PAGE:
Area Forecast Discussion
Issued by NWS Little Rock, AR
FXUS64 KLZK 101743
Area Forecast Discussion
National Weather Service Little Rock AR
1143 AM CST Sat Dec 10 2016
Cloud cover a little more persistent than previous thinking and an
update is needed at this time. With cloud cover a little more
extensive, temperatures have been lowered a touch. No other
changes needed at this time.
.PREV DISCUSSION...(ISSUED 1124 AM CST Sat Dec 10 2016
Ceilings remain around 5000 to 6000 feet at this time with less
cloud cover expected through the afternoon. Ceilings will drop to
MVFR level during the night and early Sunday as moisture increases
in advance of an approaching front. Only VCSH is warranted over
the west and north at this time with the best precipitation
chances after the taf period. South to southeast winds will
PREV DISCUSSION...(ISSUED 530 AM CST Sat Dec 10 2016)
VFR flight conditions with ceilings at 4000 to 6000 feet will be
seen this morning. The ceilings will gradually thin and break up
through noon time. Winds will be light and variable to light
northeast to east this morning becoming mainly east at 5 to 10 mph
into the afternoon. (59)
Prev Discussion.../ Issued 318 AM CST Sat Dec 10 2016/
Main concerns in this forecast cycle are chances of rain back in
the forecast for Sunday through Monday, then a lower chance on
Tuesday night to Wednesday with a weaker system, and then again
Friday night to Saturday with some chance of a wintry mix with
temperatures around freezing.
Currently a mid-level deck of clouds was spreading over AR from
the west to central areas. It was holding up temperatures in the
30s over western AR, while the 20s elsewhere. After sunrise, it is
expected to gradually thin and dissipate. The surface arctic high
was centered over AR with light and variable winds, cold
temperatures, and a dry airmass with dew point temperatures in the
teens to 20s. Aloft the broad upper low pressure trough was over
the eastern US with a northwest flow into AR. Moisture is seen
upstream of AR as well as the shortwave energy which will
gradually move east and bring clouds and chances of rain to AR on
Sunday and Monday.
SHORT TERM...Today Through Sunday Night
Cloudy to mostly cloudy will start the forecast in western to
parts central AR with the mid-cloud deck. Mostly sunny in the
east. The clouds are expected to break-up and thin through the
morning, and bring mostly sunny in the afternoon. Highs will again
be below normal with the upper 30s in the northeast, to the lower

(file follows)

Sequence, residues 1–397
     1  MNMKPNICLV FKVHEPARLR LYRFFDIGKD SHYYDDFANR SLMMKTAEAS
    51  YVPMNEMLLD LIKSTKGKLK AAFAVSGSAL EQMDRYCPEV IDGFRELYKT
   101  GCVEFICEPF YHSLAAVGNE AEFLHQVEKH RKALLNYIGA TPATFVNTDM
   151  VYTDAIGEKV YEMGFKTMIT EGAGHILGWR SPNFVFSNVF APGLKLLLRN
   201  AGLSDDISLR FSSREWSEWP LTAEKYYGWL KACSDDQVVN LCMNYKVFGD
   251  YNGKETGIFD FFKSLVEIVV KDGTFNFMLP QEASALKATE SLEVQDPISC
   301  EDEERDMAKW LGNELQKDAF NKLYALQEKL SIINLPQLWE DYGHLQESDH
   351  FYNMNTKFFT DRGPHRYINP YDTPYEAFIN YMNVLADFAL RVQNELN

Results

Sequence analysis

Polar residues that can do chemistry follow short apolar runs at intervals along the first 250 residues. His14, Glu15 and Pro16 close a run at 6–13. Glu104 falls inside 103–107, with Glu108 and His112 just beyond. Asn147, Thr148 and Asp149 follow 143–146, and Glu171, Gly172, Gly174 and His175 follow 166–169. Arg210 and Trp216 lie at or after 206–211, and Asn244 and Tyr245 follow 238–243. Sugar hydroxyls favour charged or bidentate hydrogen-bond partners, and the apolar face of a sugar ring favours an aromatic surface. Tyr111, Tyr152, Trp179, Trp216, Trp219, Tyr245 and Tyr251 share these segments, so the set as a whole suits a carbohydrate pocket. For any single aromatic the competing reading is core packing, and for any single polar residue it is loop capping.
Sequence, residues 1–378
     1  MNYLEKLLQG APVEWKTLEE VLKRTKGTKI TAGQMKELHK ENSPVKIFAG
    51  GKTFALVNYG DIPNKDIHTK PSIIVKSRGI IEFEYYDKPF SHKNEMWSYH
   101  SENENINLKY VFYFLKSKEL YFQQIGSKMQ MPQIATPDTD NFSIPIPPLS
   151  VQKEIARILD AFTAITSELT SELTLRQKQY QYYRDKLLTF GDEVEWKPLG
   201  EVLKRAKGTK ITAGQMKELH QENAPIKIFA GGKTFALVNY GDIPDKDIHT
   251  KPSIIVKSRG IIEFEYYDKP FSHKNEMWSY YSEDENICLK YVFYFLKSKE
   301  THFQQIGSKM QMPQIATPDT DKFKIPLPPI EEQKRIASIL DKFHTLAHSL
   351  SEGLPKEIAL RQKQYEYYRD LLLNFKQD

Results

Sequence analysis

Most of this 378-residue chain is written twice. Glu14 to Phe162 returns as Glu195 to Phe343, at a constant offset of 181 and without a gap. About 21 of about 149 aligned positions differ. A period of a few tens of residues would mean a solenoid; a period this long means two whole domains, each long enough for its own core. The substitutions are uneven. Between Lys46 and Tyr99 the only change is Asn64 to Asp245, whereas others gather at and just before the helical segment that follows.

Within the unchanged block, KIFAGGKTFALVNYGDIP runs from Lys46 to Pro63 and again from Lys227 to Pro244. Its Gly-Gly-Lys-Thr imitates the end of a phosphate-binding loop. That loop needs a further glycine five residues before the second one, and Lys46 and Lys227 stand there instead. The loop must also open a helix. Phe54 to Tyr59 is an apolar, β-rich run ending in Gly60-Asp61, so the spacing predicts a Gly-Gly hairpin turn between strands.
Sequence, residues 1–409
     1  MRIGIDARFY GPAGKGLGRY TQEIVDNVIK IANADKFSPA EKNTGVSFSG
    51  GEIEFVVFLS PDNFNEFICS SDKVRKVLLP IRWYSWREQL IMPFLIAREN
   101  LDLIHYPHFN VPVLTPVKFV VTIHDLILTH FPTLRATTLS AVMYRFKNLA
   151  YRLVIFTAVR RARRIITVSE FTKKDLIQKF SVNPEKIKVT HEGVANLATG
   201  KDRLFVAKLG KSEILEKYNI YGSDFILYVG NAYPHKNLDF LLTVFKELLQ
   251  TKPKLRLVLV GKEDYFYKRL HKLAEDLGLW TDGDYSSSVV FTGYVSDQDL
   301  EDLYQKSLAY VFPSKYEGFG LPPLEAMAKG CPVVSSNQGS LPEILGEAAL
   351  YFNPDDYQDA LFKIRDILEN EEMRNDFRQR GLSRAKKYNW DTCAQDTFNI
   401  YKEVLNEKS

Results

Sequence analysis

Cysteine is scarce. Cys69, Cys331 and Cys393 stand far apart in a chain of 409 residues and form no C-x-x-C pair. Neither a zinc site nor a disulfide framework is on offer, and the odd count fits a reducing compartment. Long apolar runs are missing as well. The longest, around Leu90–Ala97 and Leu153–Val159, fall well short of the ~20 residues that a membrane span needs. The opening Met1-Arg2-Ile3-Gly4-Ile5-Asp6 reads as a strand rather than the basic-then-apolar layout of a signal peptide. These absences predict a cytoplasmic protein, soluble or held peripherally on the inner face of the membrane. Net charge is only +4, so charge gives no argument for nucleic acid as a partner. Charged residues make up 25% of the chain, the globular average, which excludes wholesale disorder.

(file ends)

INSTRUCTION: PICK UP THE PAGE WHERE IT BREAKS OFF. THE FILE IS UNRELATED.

and middle 40s central to south. Winds will gradually become east
to southeast less than 10 mph into the afternoon. Tonight, clouds
will significantly increase while some light rain maybe seen by
sunrise Sunday in the west. Lows will be around 40 in the west,
while upper to mid 30s central, to lower 30s east. Sunday the
chance of rain increases significantly as upper shortwave energy
moves across AR. While most of the rain will be light to at times
moderate, overall rain amounts Sunday to Monday will remain less
than an inch. The heaviest is forecast to be over central to
eastern areas. Highs on Sunday will be from the lower 60s west,
50s central and east. Sunday night, the chance of rain remains in
the forecast and at this time, temperatures are expected to stay
LONG TERM...Monday Through Friday
So, if I remember correctly, a few weeks ago, a certain
forecaster was bemoaning the lack of significant weather, and
continued warm temperatures. I don`t think they have any room to
complain anymore. Okay, it was me...but nonetheless...
By Monday, the front will stall out close to the Louisiana border as
it hits nearly parallel upper flow. Several weak impulses will move
through in the mean flow and interact with the boundary or what`s
left of it, and will keep small precip chances in the forecast for
at least the southern half of Arkansas through Wednesday.
By late Wednesday, troughing associated with an upper low moving
into the Hudson Bay region of Canada will push the boundary
southward and out of the region with a reinforcing shot of cold air.
Thursday night and Friday, well, this is where it gets more
complicated. As troughing digs down from the Rockies into the desert
southwest, upper flow will become more southwesterly, which will
bring Pacific moisture into the region. At the same time, the front,
or its remnants, will begin moving back to the north a bit as
surface low pressure develops along it.
Now, before you get too worked up, it`s still seven days out.
However, there would be several ingredients coming together which
include, but are not limited to...
a shallow cold airmass in place, warm and humid Gulf air moving up
over the shallow cold airmass, and Pacific moisture moving in.
Looking at the data I`m seeing at this point, it doesn`t look like
there will be enough time for temperatures to warm significantly
before precipitation starts. If this scenario pans out, we could be
looking at some wintry precipitation, at least on Friday morning,
which could be in the form of a rain/freezing rain mix. Again, it`s
still seven days out, and will likely change to a degree (forgive
me, there`s no better way to say that).
I guess the one good thing would be that, if this scenario pans out,
it does look like temperatures will warm a little more as the warm
sector advances into the region, but this will be just beyond the
end of the period and short-lived. I guess that`s another discussion
for another forecast cycle.